Augustin to Remain Confined to Less-Restrictive Care

A former Hartford police officer gives an emotional victim impact statement during Friday's hearing.

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“There were two other men who saw her lunge, an eight-inch butcher knife through my trachea, so to hear that my injuries are listed as a laceration to my neck, my throat doesn’t work,” Jill Kidik said.

Nearly five years after Kidik was stabbed in the neck while responding to a landlord/tenant dispute, the former Hartford police officer spoke before the state’s Psychiatric Security Review Board and Whiting Forensic Hospital executives.

She said the woman who attacked her should not have been transferred to a less restrictive building.

“Show me, show everybody that she’s making progress. Show me in person. I’m here. I’ve lost everything because of her,” Kidik said.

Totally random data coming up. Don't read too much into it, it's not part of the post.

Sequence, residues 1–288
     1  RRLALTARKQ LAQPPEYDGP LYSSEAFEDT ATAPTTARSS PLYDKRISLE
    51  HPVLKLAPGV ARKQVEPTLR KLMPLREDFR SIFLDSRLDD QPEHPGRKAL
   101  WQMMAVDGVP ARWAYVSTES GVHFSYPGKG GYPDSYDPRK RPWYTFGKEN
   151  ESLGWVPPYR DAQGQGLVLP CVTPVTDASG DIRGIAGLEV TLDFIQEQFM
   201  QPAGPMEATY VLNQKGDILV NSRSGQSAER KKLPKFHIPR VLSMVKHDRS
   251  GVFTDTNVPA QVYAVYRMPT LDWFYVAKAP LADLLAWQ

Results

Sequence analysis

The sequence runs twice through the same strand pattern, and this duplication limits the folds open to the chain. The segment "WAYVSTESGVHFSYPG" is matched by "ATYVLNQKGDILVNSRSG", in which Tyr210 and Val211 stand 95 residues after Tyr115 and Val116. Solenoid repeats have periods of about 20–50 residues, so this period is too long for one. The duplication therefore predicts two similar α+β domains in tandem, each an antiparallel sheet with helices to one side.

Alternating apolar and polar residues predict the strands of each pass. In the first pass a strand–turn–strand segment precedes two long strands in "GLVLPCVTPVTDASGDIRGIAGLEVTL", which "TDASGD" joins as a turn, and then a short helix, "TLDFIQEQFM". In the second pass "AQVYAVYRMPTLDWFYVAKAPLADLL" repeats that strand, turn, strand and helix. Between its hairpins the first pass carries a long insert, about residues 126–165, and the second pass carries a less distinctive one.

Earlier this month, Chevoughn Augustin, who has been diagnosed with schizophrenia, was transferred from maximum security at the Whiting Forensic Hospital to enhanced security at Dutcher Hall, which under consideration from a treatment team, allows patients to leave the building but remain on property without supervision and eventually go out into the community with staff.

The decision comes after new legislation that went into effect in October, that allows the Department of Mental Health and Addiction Services to make inter-hospital transfers without the permission of the board.

But on Friday, board members say the hospital acting without consideration of notifying them first puts them at a disadvantage to be able to best protect society.

Augustin was committed in 2021 to 38 years at Whiting Forensic Hospital. Staff said she has not shown violent behavior during her time, but Kidik said hospital staff must take into careful consideration what she has shown she's capable of when it comes to giving her less restrictive care.

“You cannot risk society’s well-being,” Kidik said.

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